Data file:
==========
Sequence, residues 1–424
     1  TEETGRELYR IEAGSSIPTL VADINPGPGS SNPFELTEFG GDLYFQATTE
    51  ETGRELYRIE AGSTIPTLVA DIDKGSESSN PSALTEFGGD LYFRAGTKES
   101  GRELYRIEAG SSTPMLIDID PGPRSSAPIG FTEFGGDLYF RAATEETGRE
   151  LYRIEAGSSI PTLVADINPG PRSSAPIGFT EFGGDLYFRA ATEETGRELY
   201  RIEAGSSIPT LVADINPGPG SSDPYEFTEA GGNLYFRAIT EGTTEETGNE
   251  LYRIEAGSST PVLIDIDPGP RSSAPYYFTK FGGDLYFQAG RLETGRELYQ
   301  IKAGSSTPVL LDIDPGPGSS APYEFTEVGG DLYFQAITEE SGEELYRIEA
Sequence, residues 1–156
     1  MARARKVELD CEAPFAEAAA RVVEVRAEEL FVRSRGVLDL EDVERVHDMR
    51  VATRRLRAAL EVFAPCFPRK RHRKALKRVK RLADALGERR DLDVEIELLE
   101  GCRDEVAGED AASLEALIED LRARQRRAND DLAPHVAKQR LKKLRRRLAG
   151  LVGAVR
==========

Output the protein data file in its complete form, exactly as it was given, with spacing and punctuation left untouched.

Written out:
Sequence, residues 1–424
     1  TEETGRELYR IEAGSSIPTL VADINPGPGS SNPFELTEFG GDLYFQATTE
    51  ETGRELYRIE AGSTIPTLVA DIDKGSESSN PSALTEFGGD LYFRAGTKES
   101  GRELYRIEAG SSTPMLIDID PGPRSSAPIG FTEFGGDLYF RAATEETGRE
   151  LYRIEAGSSI PTLVADINPG PRSSAPIGFT EFGGDLYFRA ATEETGRELY
   201  RIEAGSSIPT LVADINPGPG SSDPYEFTEA GGNLYFRAIT EGTTEETGNE
   251  LYRIEAGSST PVLIDIDPGP RSSAPYYFTK FGGDLYFQAG RLETGRELYQ
   301  IKAGSSTPVL LDIDPGPGSS APYEFTEVGG DLYFQAITEE SGEELYRIEA
Sequence, residues 1–156
     1  MARARKVELD CEAPFAEAAA RVVEVRAEEL FVRSRGVLDL EDVERVHDMR
    51  VATRRLRAAL EVFAPCFPRK RHRKALKRVK RLADALGERR DLDVEIELLE
   101  GCRDEVAGED AASLEALIED LRARQRRAND DLAPHVAKQR LKKLRRRLAG
   151  LVGAVR